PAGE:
Preaching Articles

Are there any limits to human wickedness? Imagine a guy who practices witchcraft and seances, fortune-telling and necromancy. Picture him engaged in human sacrifice by burning his own children on altars of fire. Give him nationwide authority and influence, so that he not only practices these things, but trains others to do the same. Now, if there is room left in your imagination, envision this man finding a way to win God’s affection.

What moves God’s heart? Buried deep in the Chronicles of Israel is the story of a despicable ruler who captured the Father’s grace and mercy by humbling himself before God. His name is Manasseh; you can read about him in 2 Chronicles 33. In the space of one chapter, scripture reveals the transformation of a man from vessel of wrath to vessel of mercy. He won God’s attention because of his humble heart. It’s not that Manasseh simply experienced God’s mercy; he provoked it.

The Father loves humility. It turns his head. Jesus tried again and again to share this secret pathway to God’s heart: “The one who humbles himself will be exalted.” He used this phrase no fewer than four times. Jesus himself modeled humility as he lived in the low places of Israel. He portrayed children as exemplars of humble trust in the Father’s care. He derided self-sufficiency.

Humility is an expression of truth and integrity. People intuitively hunger for humility in their spiritual and political leaders. Perhaps this hunger for authentic humility is growing stronger: the Google search-phrase that has most often brought people to my blog site is the simple phrase, “How can we humble ourselves?” Although that post is more than four years old, people find their way to it week after week. All over the world people enter search phrases like “how to be humble like Jesus?” and “how do we humble ourselves before God?” There is beauty in the humble way.

Humility is the sail that captures the mercy of God. His ear is tuned to hear the weakest words of a humbled heart.

In King Manasseh’s story we find hope for everyone who has wondered if they could possibly grab God’s attention. Here are four sure lessons from Manasseh (2 Chronicles 33) for those whose hearts are inclined:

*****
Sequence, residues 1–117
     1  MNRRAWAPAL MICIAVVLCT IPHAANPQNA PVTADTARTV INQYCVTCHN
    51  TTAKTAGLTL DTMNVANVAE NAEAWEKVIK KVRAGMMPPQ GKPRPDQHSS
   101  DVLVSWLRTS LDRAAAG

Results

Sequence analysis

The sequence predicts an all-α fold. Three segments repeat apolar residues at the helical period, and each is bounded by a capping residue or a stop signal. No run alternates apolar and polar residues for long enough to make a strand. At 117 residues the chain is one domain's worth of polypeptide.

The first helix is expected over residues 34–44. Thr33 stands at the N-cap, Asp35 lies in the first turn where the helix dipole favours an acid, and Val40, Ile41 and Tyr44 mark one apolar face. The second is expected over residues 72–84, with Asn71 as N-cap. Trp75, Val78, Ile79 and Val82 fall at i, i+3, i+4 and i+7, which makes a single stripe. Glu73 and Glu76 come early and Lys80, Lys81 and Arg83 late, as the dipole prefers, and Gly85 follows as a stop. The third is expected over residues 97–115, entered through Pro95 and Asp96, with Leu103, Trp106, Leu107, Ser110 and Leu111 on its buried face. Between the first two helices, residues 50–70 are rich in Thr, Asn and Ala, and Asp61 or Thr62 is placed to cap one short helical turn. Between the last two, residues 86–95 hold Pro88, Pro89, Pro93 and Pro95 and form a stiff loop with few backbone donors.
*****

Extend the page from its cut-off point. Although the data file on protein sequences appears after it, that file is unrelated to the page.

1. Even in the midst of gross iniquity, God is still speaking: (v10) Even after a long list of rebellious acts against God, the text reveals that God still reached out to Manasseh. If you’ve been told that God hides from your sin, you’ve been misled. Our sin is one of the very reasons God continues to reach out to us. He loves us and refuses to give up on us. But it's not just that his love reaches down; a humble heart reaches up.

2. God knows how to humble us: (v11) There’s a massive difference between being humbled by the Almighty and humbling yourself before him. God may arrange circumstances that bring us low in the eyes of others, but only we can lower ourselves before God. He can extend severe mercy, in C.S. Lewis’ phrase, but we remain in control of our own thoughts and hearts.

3. Our hearts can move God’s heart: (v13) This is an astounding revelation! God is not impressed by human power, wealth or wisdom, but he is impressed by the human heart. When we choose contrition the Father tells all heaven to be quiet. Our prayers never have more power than when we take our proper place before him.

4. Our humble example can influence the generations to come: (v25) Manasseh had a grandson named Josiah, who (as a child) sparked a nationwide revival. I like to imagine that Josiah heard first-hand from his grandfather the horrors of rebellion and the grace of humility. Our life-lessons can become the seed that springs up thirty, sixty, and a hundred fold in the lives of those who follow.

These are more than theological considerations; they are postures of the heart.

What is whispered in the Old Testament is shouted in the New: humility is the doorway to God’s Kingdom. Jesus embodied the life of humility before the Father. It worked out pretty well for him—he demonstrated the humble path leads to glory, a glory unimagined by the wisdom of men.

Humility spared Manasseh's life. The humility of Jesus opened the floodgates of heaven for others. We are his humble vessels. The world waits for us to pour ourselves out.

Ray Hollenbach helps pastors and churches navigate change. He's the founder of DEEPER Seminars, weekend leadership retreats focused on discipleship in the local church. His newest book is Deeper Grace, a guide to the connection between grace and spiritual maturity. Ray currently lives in central Kentucky, coaching and consulting church leaders. You can visit his blog at Students of Jesus.

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